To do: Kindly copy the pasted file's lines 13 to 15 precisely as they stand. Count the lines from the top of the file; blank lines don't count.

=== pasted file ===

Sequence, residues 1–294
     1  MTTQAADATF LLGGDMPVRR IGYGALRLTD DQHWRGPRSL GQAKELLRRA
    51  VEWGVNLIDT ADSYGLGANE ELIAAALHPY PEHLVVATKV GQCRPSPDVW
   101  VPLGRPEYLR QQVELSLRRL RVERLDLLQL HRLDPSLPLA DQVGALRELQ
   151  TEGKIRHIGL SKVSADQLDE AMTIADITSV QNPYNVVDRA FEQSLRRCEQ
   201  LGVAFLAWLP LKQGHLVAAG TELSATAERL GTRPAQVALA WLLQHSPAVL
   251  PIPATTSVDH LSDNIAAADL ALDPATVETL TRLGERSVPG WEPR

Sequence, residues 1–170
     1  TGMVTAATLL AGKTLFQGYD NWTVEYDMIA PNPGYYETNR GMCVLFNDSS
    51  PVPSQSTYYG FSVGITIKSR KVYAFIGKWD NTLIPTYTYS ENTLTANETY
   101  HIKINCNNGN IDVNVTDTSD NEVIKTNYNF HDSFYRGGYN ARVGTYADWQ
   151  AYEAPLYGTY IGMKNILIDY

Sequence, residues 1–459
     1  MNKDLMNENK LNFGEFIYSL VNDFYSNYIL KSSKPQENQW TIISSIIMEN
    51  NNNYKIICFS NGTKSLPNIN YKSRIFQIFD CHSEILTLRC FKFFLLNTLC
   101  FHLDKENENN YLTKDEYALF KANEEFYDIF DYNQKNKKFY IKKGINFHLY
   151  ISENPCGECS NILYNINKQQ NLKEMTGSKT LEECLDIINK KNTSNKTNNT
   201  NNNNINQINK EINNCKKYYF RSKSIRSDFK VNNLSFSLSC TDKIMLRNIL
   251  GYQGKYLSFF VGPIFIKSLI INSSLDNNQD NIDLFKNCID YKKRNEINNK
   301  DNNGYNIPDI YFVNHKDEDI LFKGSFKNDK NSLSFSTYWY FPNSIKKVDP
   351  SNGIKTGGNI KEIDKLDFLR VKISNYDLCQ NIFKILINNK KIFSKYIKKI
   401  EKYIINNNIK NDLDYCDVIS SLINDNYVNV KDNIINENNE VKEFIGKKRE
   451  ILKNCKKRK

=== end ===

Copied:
Sequence, residues 1–459
     1  MNKDLMNENK LNFGEFIYSL VNDFYSNYIL KSSKPQENQW TIISSIIMEN
    51  NNNYKIICFS NGTKSLPNIN YKSRIFQIFD CHSEILTLRC FKFFLLNTLC